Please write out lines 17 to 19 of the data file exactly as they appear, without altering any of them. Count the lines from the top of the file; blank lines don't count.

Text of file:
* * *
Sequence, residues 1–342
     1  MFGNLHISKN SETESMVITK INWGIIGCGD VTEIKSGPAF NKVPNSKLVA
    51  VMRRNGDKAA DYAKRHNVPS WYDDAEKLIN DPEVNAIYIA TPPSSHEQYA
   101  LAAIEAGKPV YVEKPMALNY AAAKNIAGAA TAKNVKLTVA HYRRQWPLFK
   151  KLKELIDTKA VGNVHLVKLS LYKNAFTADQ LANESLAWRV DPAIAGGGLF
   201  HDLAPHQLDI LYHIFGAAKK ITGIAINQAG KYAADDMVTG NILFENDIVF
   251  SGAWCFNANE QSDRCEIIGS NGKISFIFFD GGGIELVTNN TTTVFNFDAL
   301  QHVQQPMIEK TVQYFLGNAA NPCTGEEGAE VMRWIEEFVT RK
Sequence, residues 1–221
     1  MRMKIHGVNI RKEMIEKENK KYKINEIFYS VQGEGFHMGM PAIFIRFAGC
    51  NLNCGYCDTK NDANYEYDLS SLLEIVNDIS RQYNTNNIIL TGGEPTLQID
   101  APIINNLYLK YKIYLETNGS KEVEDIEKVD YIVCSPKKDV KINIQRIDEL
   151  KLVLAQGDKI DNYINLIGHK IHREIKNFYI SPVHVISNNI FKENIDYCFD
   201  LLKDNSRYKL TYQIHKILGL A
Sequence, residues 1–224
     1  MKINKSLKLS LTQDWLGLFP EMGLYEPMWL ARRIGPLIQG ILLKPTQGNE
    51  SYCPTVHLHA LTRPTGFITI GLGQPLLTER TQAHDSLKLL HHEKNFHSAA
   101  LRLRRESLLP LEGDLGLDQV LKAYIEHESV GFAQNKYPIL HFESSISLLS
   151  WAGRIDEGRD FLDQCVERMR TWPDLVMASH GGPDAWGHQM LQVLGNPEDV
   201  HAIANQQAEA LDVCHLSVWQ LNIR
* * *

    51  SYCPTVHLHA LTRPTGFITI GLGQPLLTER TQAHDSLKLL HHEKNFHSAA
   101  LRLRRESLLP LEGDLGLDQV LKAYIEHESV GFAQNKYPIL HFESSISLLS
   151  WAGRIDEGRD FLDQCVERMR TWPDLVMASH GGPDAWGHQM LQVLGNPEDV